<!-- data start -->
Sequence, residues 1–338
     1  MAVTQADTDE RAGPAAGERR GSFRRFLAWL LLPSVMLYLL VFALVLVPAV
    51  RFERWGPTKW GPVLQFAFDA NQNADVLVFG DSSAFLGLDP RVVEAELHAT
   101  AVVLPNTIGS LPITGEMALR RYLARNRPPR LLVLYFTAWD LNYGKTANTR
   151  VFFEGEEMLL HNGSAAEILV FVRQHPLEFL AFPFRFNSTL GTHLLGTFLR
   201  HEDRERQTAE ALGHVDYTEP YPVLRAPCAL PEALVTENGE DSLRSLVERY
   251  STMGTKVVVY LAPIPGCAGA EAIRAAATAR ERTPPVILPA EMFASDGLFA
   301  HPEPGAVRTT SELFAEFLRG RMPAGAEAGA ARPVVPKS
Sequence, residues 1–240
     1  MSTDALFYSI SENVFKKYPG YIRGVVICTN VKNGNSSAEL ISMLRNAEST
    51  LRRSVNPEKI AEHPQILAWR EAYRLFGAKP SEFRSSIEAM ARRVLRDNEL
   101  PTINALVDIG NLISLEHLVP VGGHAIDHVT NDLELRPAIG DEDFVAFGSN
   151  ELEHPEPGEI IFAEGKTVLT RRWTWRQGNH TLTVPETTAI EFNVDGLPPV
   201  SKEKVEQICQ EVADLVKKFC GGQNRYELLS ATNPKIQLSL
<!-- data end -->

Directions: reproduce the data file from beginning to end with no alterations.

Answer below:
Sequence, residues 1–338
     1  MAVTQADTDE RAGPAAGERR GSFRRFLAWL LLPSVMLYLL VFALVLVPAV
    51  RFERWGPTKW GPVLQFAFDA NQNADVLVFG DSSAFLGLDP RVVEAELHAT
   101  AVVLPNTIGS LPITGEMALR RYLARNRPPR LLVLYFTAWD LNYGKTANTR
   151  VFFEGEEMLL HNGSAAEILV FVRQHPLEFL AFPFRFNSTL GTHLLGTFLR
   201  HEDRERQTAE ALGHVDYTEP YPVLRAPCAL PEALVTENGE DSLRSLVERY
   251  STMGTKVVVY LAPIPGCAGA EAIRAAATAR ERTPPVILPA EMFASDGLFA
   301  HPEPGAVRTT SELFAEFLRG RMPAGAEAGA ARPVVPKS
Sequence, residues 1–240
     1  MSTDALFYSI SENVFKKYPG YIRGVVICTN VKNGNSSAEL ISMLRNAEST
    51  LRRSVNPEKI AEHPQILAWR EAYRLFGAKP SEFRSSIEAM ARRVLRDNEL
   101  PTINALVDIG NLISLEHLVP VGGHAIDHVT NDLELRPAIG DEDFVAFGSN
   151  ELEHPEPGEI IFAEGKTVLT RRWTWRQGNH TLTVPETTAI EFNVDGLPPV
   201  SKEKVEQICQ EVADLVKKFC GGQNRYELLS ATNPKIQLSL